It isn’t drawn, but the diary is split into three columns: 1) events 2) to-do and 3) to follow up. It helps me to keep everything in the same place, and forces me to write down the important things, rather than everything.

The Month


My months are fairly bland. Since life has been worth living again, I’ve been setting myself goals. Right now, they’re fairly fitness-based, because that’s pretty much the only thing really keeping me positive about myself right now (sorry for the kicker!). Otherwise it’s really just payments to be made, and how much and when. Also when I get paid.

I also have significant events that happen – things that I want to remember. I don’t really like to prioritise memories in order of preference so I try to stay away from making any inference of it in my journal. I don’t anticipate anything too exhilarating will happen to me, so I may make this section a little smaller.

Habit Tracking


My life is a bit like clockwork right now. Whilst I can’t say I’m happy most days, there are things I do to keep myself afloat in the meantime. Also I’m doing a lot of new things this year, and in doing so, they say it takes 21 days to develop a habit… and you don’t know unless you’ve kept track of it. Soooo the list is pretty simple:

  • Gym/Workout
  • Flex Day (I got rid of this after June, it’s a work thing)
  • Writing
  • Mood
  • Blog
  • German Study
  • Bed by 11pm.

All of this is built on some pretty basic principles of positive mental health:

  • Get enough sleep
  • Get enough exercise
  • Do things that are meaningful to you
  • Reflect often.

As a person with a mental illness, I like to keep track of my mood fluctuations so keeping tabs on what mood I am in that day is super important. I’ve broken the moods down into the most common:

  • Happy
  • Sad
  • Neutral
  • Depressed
  • Anxious
  • Stressed

I also stuffed up and wrote on the wrong line and because it’s in non-washable ink, I really feel like ripping this page out, but I can’t. Also June was a trial-by-error page, so here’s a prettier page.



I like lists. Small things help me to remember big things. I often immerse myself in literature to remove myself from my brain so a reading list is vital. I am the kind of person to read multiple books at the same time, and to have books at every location – home, car, work, gym, toilet, wherever.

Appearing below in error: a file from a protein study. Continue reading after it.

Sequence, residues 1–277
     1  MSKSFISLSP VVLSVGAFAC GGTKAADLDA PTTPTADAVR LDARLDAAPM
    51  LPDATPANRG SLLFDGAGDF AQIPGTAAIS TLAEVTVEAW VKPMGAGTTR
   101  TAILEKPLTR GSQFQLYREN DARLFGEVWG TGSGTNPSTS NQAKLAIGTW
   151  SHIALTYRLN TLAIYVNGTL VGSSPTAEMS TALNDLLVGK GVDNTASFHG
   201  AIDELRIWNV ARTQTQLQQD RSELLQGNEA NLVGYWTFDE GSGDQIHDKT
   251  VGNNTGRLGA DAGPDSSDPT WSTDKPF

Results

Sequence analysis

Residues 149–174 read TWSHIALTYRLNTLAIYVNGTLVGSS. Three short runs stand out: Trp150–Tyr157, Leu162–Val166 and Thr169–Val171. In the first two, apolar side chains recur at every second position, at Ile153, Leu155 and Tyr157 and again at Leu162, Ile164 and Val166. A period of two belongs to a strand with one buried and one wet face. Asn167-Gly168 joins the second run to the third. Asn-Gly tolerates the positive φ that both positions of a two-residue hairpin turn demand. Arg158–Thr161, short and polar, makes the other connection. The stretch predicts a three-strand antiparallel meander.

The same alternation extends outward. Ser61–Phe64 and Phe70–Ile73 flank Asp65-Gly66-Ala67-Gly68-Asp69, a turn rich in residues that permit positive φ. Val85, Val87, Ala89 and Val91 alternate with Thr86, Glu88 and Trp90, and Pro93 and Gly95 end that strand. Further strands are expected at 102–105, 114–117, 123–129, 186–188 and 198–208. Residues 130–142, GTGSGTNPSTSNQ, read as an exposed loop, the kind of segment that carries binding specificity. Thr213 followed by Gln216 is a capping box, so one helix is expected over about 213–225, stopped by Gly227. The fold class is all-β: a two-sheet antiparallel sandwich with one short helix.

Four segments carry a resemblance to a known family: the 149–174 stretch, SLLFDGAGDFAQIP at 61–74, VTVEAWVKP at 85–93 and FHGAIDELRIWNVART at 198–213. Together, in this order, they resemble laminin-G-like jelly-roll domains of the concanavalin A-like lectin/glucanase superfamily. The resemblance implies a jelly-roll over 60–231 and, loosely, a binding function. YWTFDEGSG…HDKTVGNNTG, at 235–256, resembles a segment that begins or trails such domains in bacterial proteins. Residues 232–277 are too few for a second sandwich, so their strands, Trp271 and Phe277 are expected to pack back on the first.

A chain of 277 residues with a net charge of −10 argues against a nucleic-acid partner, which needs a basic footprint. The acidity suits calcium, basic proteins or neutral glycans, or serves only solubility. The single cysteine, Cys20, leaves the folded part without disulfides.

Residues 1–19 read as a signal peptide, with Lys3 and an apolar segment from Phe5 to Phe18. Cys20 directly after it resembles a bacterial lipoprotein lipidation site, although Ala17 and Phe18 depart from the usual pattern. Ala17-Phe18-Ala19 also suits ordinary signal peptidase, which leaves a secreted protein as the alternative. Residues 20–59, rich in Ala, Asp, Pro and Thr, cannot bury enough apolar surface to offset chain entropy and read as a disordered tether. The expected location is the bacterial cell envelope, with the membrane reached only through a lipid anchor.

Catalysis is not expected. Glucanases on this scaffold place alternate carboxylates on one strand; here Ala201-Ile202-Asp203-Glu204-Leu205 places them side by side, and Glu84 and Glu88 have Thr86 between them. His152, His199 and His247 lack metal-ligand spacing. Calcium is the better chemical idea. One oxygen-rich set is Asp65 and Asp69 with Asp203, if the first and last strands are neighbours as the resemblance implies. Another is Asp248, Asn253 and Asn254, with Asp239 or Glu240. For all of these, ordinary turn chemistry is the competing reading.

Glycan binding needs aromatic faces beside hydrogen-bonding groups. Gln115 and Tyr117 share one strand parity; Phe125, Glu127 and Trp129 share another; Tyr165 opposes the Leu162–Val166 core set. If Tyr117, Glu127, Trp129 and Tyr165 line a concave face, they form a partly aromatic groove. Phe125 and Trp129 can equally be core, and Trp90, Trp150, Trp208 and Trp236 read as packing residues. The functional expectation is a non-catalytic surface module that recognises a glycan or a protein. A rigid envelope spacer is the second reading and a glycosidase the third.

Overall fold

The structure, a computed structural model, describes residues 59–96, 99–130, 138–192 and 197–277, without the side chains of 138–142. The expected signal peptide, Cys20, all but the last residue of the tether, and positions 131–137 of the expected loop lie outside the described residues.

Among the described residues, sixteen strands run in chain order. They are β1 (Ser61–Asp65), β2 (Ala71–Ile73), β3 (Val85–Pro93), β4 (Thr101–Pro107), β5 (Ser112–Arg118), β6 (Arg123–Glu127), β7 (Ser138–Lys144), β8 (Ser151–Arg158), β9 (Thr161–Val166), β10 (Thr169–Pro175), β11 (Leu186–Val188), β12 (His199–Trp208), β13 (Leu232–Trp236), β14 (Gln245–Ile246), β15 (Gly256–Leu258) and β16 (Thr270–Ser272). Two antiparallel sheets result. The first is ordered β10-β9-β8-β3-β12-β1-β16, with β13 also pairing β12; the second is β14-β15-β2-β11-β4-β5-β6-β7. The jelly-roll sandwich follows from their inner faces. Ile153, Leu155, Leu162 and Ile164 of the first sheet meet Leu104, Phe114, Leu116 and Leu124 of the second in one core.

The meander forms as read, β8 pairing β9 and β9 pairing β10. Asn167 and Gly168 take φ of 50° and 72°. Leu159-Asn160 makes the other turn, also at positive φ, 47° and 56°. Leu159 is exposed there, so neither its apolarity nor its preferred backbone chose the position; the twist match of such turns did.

This list needs to be updated, but here’s some things I’d like to get on reading. Spoil any of them and I will hurt you.

Also, as you can tell, I am not a chick-flicky kind of person.


This section also includes Films to Watch and TV Shows to Watch. I didn’t think they were worth showing because they’re both pretty empty right now.

Otherwise I also order things and forget that I ordered them. Thus a Waiting On list to make sure I check up on whether I get stuff.


In conclusion…

People start bullet journals for all different reasons. Mine is because I want to be a better version of me. It makes me organised. It makes me calm. It removes me from my world and allows me to arrange everything where and when I want it. It allows me to control my uncontrollable world just that little bit more.

I often feel lost and directionless. It’s an unfortunate byproduct of living with a mental illness, but we do what we can to keep afloat. I am waiting for the future to come, and whilst I don’t know what that is, I hope I keep my bullet journals for a lifetime, and I hope that it’ll make some sense to the people who want to figure out who I am and how I think. It doesn’t give them much, but in amongst all of this, I keep jottings of my life. Notes from work. Things to remember. Scribbles for my stories. Dreams I have. Dreads I fear. It’s not much but it’s something. But most of all, it makes me feel whole again.